If your phone doesn’t have two physical SIM card slots, you can still achieve the same result by using an eSIM for your French card and save the physical slot for your home country card. You can also do it the other way around, get an eSIM for your home country SIM card and a physical SIM card for your French carrier.

If you’re interested in keeping your U.S. phone number while abroad, read Google voice number for expats.

Cancelling a phone plan in France

Switching phone carrier

If your previous plan was non-binding or if your previous contract has ended, switching phone carrier is easy as your new carrier takes care of cancelling your previous plan for free. All you need to do is give your new phone carrier your current phone number and they will switch you over.

Cancelling without subscribing to a new plan

If your phone carrier offers online subscriptions, you can easily cancel your plan online from your user account in 3-clicks. The 3-click contract termination law is enforced since June 2023 and it makes it much more easier than before to cancel any contract that you subscribed online.

If your phone carrier doesn’t provide online subscription, you need to send a letter to your phone carrier via registered mail (LRAR mail).

Terminating a long-term plan early

If you’re on a binding long-term plan, it’s better to wait until your contract ends or else you will have to pay penalty fees.

Penalty fees

Thanks to a law called Loi Châtel and a new “pouvoir d’achat” law enacted in November 2023, you don’t need to pay the full remaining terms of your plan when you terminate your contract plan early. Here are the new rules for the penalties.

  • plan only (no phone device) – You pay full price for the months before the end of the first year (months 1 to 12). You don’t pay anything for the second year.
  • plan plus phone – You pay full price for the months before the end of the first year (months 1 to 12). You pay up to 20% of the price for the remaining months (months 13 to 24).

Only the months before the end of the first year (months 1 to 12) are due full price. If you had a 24-month contract, you don’t pay anything for the second year unless you purchased a phone device with your plan.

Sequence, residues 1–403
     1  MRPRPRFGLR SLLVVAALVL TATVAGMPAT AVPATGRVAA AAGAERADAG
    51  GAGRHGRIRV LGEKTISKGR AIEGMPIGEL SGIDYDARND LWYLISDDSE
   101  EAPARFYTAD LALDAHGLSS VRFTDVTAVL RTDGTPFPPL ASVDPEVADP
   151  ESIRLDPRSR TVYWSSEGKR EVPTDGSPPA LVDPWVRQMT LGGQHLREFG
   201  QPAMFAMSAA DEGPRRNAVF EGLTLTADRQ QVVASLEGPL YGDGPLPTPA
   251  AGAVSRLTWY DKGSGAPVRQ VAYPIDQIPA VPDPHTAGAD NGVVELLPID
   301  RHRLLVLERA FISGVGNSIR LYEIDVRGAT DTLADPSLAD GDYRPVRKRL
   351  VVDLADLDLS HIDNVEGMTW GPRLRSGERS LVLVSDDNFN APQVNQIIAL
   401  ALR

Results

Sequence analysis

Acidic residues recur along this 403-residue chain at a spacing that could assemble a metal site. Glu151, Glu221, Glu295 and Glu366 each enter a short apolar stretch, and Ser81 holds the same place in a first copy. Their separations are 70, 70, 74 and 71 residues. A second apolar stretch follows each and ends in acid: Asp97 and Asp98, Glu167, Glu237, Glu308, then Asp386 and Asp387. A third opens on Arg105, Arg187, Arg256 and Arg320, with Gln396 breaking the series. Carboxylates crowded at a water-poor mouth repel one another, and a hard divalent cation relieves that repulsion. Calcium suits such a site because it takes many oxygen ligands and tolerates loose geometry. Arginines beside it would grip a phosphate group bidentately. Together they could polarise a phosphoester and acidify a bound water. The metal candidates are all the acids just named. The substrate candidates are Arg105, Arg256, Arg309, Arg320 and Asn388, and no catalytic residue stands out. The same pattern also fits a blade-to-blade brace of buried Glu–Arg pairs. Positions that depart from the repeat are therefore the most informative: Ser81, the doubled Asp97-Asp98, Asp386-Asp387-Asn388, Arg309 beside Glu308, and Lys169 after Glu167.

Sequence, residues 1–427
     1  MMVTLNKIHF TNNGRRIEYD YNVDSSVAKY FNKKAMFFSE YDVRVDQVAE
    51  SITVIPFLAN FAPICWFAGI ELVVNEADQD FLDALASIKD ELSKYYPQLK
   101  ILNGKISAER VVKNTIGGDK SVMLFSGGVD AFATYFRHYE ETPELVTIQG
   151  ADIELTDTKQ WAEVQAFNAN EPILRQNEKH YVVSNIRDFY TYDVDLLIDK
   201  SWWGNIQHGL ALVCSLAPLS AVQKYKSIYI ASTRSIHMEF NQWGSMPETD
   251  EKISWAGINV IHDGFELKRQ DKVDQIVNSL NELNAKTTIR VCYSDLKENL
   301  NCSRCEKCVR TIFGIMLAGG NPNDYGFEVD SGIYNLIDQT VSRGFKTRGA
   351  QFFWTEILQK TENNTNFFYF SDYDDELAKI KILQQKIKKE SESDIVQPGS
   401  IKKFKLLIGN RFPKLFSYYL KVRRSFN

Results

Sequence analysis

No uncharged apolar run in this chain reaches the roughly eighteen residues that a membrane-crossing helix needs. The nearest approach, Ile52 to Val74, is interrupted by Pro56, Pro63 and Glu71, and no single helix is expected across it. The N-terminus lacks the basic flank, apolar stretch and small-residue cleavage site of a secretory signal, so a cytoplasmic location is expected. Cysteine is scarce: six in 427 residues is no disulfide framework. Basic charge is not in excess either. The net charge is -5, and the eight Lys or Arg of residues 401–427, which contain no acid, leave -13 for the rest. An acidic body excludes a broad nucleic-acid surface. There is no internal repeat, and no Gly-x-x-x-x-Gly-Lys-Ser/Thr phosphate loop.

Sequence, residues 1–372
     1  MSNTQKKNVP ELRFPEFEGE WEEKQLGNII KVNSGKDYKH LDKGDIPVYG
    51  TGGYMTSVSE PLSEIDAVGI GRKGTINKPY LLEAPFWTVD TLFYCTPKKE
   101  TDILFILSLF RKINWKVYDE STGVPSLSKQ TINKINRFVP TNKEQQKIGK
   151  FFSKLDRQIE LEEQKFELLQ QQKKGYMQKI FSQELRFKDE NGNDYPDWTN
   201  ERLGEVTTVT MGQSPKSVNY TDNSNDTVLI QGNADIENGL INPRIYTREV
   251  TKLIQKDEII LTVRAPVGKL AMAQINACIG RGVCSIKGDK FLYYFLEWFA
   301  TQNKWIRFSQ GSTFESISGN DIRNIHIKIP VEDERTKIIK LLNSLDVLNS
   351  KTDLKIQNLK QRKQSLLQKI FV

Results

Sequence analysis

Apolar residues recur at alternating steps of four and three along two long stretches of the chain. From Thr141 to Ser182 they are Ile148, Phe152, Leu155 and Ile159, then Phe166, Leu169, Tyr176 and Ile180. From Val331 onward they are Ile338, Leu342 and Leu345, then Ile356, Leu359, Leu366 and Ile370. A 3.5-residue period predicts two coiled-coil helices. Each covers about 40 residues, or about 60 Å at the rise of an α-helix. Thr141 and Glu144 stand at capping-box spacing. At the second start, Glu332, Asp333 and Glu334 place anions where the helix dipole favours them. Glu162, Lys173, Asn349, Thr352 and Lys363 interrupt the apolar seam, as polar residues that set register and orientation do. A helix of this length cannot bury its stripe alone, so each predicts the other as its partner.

You also have to pay termination fees (frais de résiliation) specified in your contract on top of the penalty fees. Termination fees run around €50.

How to terminate your contract

To terminate your binding phone plan before the end, send a termination letter via registered mail (LRAR mail) to your phone carrier. Make sure to mention loi Châtel and the total penalty amount you calculated you should pay (including the termination fees).

Phone carriers in France cannot take more than ten business days to terminate your contract, starting the day they received your termination letter.

My experience of French phone carriers

Since I moved to France in 2017, I’ve tried Orange, Free Mobile and Red by SFR for both internet and phone service providers. I always get the internet and phone services from the same carrier to get better deals.

I started out with a plan from Orange and the experience was both horrible and frustrating. My internet connection went down during a storm and I stayed without internet connection for two months. Orange customer support was totally useless and I ended up paying for the two months when I had no service.

I then switched to Free Mobile. My experience was ok considering that I lived in an area with bad internet connection and almost non-existent 4G coverage.

I moved again and switched to Red by SFR with fiber optic. At some point, my fiber connection was lost and upon contacting Red by SFR, they immediately gave me an extra 100GB data on my phone so I could use it while they fixed my internet connection. They didn’t charge me for it or for the days when my internet connection was down. The issue was resolved quickly.

Red by SFR’s customer support doesn’t feel “low-cost” at all and I’ve never had any issue contacting them via their phone app. Overall, I’m pretty satisfied with my €5.69/month plan 5GB from Red by SFR.

When you’re ready to sign up for a phone plan, read French phone plans for American expats to get a plan that covers calls and roaming to the U.S. and Canada.

Nathalie Nahmani

About Nathalie Nahmani

Nathalie is the creator of ma French Life. She moved back to France after living in Los Angeles for 20 years. She writes practical articles to help expats in France. Nathalie lives with her family in the French Alps near Grenoble.

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2 thoughts on “Phone plans in France”

  1. A great review Nathalie!

    A few more observations- Lyca and Lebara are somewhat English speaking friendly as they both have English websites and English speaking customer service reps. Lyca also allows payment with US credit cards.